The first detailed look at how Elon Musk’s space internet could work

When sending an internet message via Starlink, a ground station will begin by using radio waves to talk to a satellite above it. Once in space, the message will be fired from satellite to satellite using lasers until it is above its destination. From there, it will be beamed down to the right ground station using radio waves again.

Source: The first detailed look at how Elon Musk’s space internet could work | New Scientist

Between distant places, this will allow messages to be sent about twice as fast as through the optical fibres on Earth that currently connect the internet, despite having to travel to space and back. This is because the speed of the signal in glass is slower than it is through space.

To Keep Pace With Moore’s Law, Chipmakers Turn to ‘Chiplets’

The new approach comes with a snappy name: chiplets. You can think of them as something like high-tech Lego blocks. Instead of carving new processors from silicon as single chips, semiconductor companies assemble them from multiple smaller pieces of silicon—known as chiplets.

Source: To Keep Pace With Moore’s Law, Chipmakers Turn to ‘Chiplets’ | WIRED

A powerful new battery could give us electric planes that don’t pollute

Planes are rarely used for regional travel, representing less than 1% of trips under 500 miles, according to the US Bureau of Transportation Statistics. Airlines have shied away from shorter flights largely because most of the fuel is burned during takeoff, meaning longer routes are far more economical. And given the high costs and hassles of flying, consumers largely opt for cars, trains, or buses instead for this travel range.

Source: A powerful new battery could give us electric planes that don’t pollute – MIT Technology Review

Vigilante engineer stops Waymo from patenting key lidar technology

The USPTO was not impressed. In March, an examiner noted that a re-drawn diagram of Waymo’s lidar firing circuit showed current passing along a wire between the circuit and the ground in two directions—something generally deemed impossible. “Patent owner’s expert testimony is not convincing to show that the path even goes to ground in view of the magic ground wire, which shows current moving in two directions along a single wire,” noted the examiners dryly.

Source: Vigilante engineer stops Waymo from patenting key lidar technology | Ars Technica

Self-driving startups should not take this legal confusion as carte blanche to use the lidar technology described in Waymo’s and Velodyne’s patents, warns Brian Love, co-director of the High Tech Law Institute at the Santa Clara University School of Law. “There’s a joke among patent lawyers that a final rejection is anything but final, because owners still have options even after a final rejection,” he tells Ars. “And to get an award in a patent action, you only have to show infringement of one claim in one patent. The fact that there’s even one claim left in Waymo’s patent means there’s one shot for arguing that someone infringes that claim.”

New material could up efficiency of concentrated solar power

Above a certain temperature, it becomes possible to replace the steam with supercritical carbon dioxide. This works more efficiently, potentially providing a boost of more than 20 percent, but it requires temperatures in excess of 1,000K. That makes things a bit more challenging, given that many metals will melt at such temperatures; others will react with carbon dioxide under these conditions. Finding a material that could work involves balancing a lot of factors, including heat and chemical resistance, ea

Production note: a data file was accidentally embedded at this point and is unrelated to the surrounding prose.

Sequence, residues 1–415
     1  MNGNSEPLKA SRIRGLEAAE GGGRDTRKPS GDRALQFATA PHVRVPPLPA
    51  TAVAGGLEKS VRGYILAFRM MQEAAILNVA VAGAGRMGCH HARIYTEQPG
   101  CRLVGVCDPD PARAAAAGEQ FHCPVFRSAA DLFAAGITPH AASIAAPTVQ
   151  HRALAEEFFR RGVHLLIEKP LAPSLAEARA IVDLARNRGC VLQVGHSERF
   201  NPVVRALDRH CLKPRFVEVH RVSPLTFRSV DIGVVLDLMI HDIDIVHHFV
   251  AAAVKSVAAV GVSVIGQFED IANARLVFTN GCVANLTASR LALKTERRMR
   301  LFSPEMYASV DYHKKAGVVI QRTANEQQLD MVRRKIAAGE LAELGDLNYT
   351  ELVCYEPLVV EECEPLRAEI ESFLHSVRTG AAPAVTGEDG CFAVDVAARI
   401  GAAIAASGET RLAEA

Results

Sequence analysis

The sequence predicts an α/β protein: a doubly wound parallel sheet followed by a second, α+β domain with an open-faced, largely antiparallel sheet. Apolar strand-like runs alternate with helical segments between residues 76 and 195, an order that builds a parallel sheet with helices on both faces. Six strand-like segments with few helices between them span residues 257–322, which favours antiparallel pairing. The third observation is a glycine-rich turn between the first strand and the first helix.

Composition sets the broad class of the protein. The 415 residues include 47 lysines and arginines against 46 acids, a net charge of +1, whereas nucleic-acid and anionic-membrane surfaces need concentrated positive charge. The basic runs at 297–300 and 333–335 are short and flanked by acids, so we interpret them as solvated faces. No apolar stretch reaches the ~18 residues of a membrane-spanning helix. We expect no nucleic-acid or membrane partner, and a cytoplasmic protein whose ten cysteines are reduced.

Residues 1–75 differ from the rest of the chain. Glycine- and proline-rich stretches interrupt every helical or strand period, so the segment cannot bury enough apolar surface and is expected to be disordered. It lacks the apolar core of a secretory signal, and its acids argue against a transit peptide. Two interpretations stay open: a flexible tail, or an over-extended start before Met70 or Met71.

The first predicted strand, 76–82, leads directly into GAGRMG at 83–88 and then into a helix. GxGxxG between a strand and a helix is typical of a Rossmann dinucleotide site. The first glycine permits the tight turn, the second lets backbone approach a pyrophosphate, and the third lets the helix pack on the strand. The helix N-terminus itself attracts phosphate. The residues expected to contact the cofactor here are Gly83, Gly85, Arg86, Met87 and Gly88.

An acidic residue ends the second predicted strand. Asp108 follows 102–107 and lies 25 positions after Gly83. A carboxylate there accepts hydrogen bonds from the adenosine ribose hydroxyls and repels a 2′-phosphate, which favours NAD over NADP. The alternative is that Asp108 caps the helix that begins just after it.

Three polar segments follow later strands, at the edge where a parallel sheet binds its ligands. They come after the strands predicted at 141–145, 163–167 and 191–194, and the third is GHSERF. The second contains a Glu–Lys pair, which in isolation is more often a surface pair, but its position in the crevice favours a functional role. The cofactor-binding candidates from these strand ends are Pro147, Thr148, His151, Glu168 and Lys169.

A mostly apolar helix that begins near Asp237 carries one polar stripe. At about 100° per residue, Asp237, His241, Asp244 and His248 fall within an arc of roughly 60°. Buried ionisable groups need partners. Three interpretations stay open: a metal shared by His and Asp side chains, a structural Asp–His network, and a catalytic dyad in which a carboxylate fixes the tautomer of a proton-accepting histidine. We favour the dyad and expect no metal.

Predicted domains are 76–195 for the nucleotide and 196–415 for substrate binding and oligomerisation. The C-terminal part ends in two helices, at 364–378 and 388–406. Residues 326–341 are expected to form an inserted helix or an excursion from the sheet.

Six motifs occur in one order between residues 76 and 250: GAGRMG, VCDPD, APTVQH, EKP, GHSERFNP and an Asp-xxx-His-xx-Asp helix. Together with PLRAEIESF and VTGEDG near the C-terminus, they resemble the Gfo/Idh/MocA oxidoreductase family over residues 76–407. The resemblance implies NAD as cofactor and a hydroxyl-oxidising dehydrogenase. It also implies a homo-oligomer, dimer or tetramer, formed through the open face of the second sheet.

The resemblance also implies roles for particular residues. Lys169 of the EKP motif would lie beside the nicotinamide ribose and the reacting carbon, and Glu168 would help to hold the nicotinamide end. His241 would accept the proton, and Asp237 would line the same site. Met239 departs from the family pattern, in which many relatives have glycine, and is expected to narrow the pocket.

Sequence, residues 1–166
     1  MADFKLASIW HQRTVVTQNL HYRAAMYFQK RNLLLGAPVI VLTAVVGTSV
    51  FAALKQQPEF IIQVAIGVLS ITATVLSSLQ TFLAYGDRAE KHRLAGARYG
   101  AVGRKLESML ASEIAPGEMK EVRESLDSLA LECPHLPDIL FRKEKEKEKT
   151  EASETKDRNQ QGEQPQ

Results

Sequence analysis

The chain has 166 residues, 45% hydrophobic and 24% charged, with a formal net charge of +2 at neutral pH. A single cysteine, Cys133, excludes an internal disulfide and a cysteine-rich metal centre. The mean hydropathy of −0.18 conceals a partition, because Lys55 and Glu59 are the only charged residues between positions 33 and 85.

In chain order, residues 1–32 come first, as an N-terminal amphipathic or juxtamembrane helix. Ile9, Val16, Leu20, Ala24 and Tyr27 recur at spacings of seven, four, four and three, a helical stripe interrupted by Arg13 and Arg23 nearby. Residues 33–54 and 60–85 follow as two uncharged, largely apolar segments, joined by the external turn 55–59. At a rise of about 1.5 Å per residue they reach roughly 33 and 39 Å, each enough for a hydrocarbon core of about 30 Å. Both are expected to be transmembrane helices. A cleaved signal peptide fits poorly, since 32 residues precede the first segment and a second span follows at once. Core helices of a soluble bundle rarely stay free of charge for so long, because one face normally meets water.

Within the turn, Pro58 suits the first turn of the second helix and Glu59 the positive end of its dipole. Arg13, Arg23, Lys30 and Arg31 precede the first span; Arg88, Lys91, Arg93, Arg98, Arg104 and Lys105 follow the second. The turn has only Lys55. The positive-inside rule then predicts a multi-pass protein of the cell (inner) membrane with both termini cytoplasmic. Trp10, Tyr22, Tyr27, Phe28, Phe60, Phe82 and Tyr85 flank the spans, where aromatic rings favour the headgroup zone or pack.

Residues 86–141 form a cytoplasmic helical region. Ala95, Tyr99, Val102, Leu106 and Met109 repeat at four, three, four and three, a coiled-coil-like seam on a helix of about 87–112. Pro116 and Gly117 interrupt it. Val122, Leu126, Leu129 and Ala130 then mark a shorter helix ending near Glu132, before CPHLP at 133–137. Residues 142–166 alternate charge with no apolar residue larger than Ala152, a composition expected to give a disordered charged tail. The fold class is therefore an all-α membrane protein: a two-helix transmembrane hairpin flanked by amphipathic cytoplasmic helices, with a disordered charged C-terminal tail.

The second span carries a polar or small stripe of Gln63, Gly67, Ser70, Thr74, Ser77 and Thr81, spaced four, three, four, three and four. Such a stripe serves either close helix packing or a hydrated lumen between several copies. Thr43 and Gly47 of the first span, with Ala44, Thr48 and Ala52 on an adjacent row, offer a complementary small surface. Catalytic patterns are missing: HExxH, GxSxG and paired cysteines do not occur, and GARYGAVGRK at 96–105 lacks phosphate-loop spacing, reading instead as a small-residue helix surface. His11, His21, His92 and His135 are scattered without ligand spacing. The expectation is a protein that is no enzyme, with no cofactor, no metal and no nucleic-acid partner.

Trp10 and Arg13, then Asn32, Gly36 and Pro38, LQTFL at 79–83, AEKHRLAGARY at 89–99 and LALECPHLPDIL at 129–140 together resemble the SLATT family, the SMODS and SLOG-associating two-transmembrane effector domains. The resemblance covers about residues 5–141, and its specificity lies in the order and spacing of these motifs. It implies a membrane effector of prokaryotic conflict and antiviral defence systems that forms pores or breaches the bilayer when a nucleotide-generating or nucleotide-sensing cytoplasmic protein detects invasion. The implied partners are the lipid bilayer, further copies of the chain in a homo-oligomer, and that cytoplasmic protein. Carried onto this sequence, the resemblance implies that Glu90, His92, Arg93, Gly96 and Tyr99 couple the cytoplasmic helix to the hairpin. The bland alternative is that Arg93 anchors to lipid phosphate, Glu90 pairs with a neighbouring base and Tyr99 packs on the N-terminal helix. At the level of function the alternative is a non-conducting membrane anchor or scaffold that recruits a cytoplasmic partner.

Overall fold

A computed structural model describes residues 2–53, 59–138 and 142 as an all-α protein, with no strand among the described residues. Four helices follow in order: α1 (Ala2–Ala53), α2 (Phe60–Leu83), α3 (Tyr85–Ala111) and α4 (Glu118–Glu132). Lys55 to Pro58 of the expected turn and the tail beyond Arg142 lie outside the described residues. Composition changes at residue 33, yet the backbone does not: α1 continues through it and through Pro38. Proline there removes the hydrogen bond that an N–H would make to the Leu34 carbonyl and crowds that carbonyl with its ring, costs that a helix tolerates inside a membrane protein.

Source: New material could up efficiency of concentrated solar power | Ars Technica

Researcher finds simple way of backdooring Windows PCs and nobody notices for ten months

The technique does not allow a hacker to remotely infect a computer unless that computer has been foolishly left exposed on the Internet without a password.

Source: Researcher finds simple way of backdooring Windows PCs and nobody notices for ten months | ZDNet

Since registry keys are also boot persistent, any modifications made to an account’s RID remain permanent, or until fixed.

On Thursday a rocket failed. Three humans remain on the ISS. What’s next?

NASA’s strong preference is to keep astronauts aboard the station. But Todd said NASA does have procedures for operating the station without crew on board. “That’s something that we’re always prepared for,” he said. “I feel very confident that we could fly for a significant period of time.”

Source: On Thursday a rocket failed. Three humans remain on the ISS. What’s next? | Ars Technica

For Now, at Least, the World Isn’t Making Enough Batteries

There’s booming demand for one of the product categories Tesla makes that gets far less focus than its cars. Residential-energy storage has been surging in the U.S., with more capacity installed in the second quarter than in all of last year. Tesla sells its Powerwall to homeowners.

Source: For Now, at Least, the World Isn’t Making Enough Batteries – Bloomberg

This 17-Year-Old Has Become Michigan’s Leading Right to Repair Advocate

In 2012, Massachusetts passed a law forcing automotive companies to share diagnostic information with third party repair shops. The law set a precedent and the industry rolled out the changes nationally. Now, Massachusetts has commissioned a study to see if similar legislation should extend to consumer electronics such as smartphones and video game consoles.

Source: This 17-Year-Old Has Become Michigan’s Leading Right to Repair Advocate – Motherboard